The only thing I heard VanDerveer say when she was on the bus was something along the lines of, “They better not send us back to this place,” referring to the possibility of having to make a third trip to Seattle for the first round of the NCAA Tournament. The loss, however, was a turnaround for the team late in the season that provided a reminder that they were not invincible.
“If we didn’t lose to USC, I’m not sure how far we would have made it in the [NCAA] Tournament, quite frankly,” Ogwumike said. “That really reorganized our offense, and we had a huge sense of urgency because we knew that we were vulnerable to lose at any point.”
Stanford bulldozed through the first two rounds of the tournament and returned to Maples for a win against the Tar Heels, what Ogwumike believes was the team’s most exciting and rewarding win of the season.
The seniors were able to leave Maples for the last time with a bang after defeating UNC and earning a trip to the Final Four. When I walked in to congratulate the team, the energy in the locker room was electric — country music blaring and fried chicken galore — and that same energy transferred over on the trip to Music City.
Once in Nashville, No. 2 Stanford knew it was the underdog going up against No. 1 Connecticut. The Cardinal decided to take a relaxed approach towards the game, focusing on having fun and not getting too tight. Stanford finished up its open practice the day before the Final Four with Sara James leading some of the players and VanDerveer in a round of line dancing. The strategy worked somewhat because the Cardinal came out confident and poised in the first half of play, but Connecticut was just too good to be beaten by anyone this year.
When Ogwumike was pulled out of the game for the last time wearing a Stanford jersey, there was almost a collective inhalation from the fans in the arena when they realized that they were saying their farewell to Chiney Ogwumike — one of the greatest athletes in Stanford women’s basketball history — and that the Cardinal had missed out on another national title.
“After the loss in the Final Four, Erica Payne was bawling and I told her it was okay,” Ogwumike said. “But she said, ‘I wish we could have done this for you.’ And I said, ‘No, I wish I could have played better for you.’ It’s one of those things when the people were just so selfless and you have this huge sisterhood. Playing for each other means so much to us, more than anything, and that’s the culture we’ve got in our Stanford basketball locker room.”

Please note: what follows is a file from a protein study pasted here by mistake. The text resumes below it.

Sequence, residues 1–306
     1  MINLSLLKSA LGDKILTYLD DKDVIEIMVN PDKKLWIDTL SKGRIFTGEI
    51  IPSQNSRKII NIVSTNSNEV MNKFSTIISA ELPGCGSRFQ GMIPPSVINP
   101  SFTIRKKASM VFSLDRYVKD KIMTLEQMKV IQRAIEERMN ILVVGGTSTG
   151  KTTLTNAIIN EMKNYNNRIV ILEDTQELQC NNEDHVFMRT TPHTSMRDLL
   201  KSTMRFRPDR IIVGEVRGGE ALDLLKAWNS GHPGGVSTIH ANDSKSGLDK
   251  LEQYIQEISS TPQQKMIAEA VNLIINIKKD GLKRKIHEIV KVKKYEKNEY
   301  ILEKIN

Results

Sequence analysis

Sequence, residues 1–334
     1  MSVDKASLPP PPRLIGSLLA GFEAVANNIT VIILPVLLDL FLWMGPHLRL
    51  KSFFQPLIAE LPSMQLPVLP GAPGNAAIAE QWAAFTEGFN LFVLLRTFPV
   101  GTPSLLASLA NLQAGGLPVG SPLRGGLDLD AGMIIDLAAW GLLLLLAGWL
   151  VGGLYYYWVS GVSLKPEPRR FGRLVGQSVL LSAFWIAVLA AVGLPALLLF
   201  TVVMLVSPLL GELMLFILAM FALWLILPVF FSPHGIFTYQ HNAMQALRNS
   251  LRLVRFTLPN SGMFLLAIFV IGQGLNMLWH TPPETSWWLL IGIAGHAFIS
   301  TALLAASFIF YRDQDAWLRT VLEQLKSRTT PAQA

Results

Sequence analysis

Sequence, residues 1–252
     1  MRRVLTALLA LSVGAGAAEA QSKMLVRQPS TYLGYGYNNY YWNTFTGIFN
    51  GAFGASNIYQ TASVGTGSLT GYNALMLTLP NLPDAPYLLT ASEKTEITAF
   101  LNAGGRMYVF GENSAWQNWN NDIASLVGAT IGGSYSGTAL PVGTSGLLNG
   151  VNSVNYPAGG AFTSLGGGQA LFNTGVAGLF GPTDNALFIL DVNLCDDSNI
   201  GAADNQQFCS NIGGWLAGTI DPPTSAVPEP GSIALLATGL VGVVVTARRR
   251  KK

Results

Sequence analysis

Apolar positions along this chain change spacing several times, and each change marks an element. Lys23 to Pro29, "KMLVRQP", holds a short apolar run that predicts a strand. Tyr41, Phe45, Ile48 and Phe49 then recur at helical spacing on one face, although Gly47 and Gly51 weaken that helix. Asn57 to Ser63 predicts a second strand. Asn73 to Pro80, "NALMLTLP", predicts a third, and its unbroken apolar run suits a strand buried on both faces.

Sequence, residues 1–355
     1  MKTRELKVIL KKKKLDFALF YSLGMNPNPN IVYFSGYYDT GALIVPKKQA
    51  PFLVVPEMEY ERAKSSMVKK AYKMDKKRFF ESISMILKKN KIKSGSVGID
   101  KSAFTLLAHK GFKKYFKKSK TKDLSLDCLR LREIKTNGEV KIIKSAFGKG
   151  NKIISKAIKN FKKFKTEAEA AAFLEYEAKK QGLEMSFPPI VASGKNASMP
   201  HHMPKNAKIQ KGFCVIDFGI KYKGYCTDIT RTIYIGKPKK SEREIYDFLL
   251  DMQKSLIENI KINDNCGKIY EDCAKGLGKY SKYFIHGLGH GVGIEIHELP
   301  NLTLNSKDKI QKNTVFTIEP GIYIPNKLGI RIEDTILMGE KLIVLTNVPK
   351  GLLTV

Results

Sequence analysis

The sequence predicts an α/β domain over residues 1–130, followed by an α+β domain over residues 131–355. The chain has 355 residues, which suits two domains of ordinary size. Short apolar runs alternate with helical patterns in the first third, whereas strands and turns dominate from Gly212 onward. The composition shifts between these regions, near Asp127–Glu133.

The plane ride home was not filled with disappointment, but with renewed drive and determination for the season to come. Ogwumike told me at the beginning of the year that the window of opportunity to get to the Final Four is always open at Stanford.
While Ogwumike and Ruef are already preparing for the next chapter in their careers — the WNBA — fellow seniors Sara James and Toni Kokenis are preparing for the first chapter in their non-basketball lives. James will enroll in Columbia University’s nursing program, while Kokenis will continue her studies at Stanford as a co-term in sociology while also saving time to start a non-profit. The remainder of the team is about to start spring training and look ahead to next season.
Ogwumike praised the freshman class this year for the diverse skill sets that each of them brought to the team this year, especially Lili Thompson, who broke into the starting lineup before Pac-12 play even started. And Ogwumike still keeps tabs on Erica McCall, her “protégé,” to make sure she’s doing what she needs to do to succeed.
“With the departure of each senior class, people have always had more and more doubt …and each year, people have stepped up and we’ve succeeded beyond those doubts and expectations, so I know they’ll succeed and find a way,” Ogwumike said. “People are going to have to take on bigger roles offensively. I’m not worried about them. They’re very talented and they just need to show it to the world.”
Next season might be a rebuilding period, but if the past is any indication, Stanford women’s basketball will continue to remain one of the premier programs in the nation.
Contact Ashley Westhem at awesthem ‘at’ stanford.edu.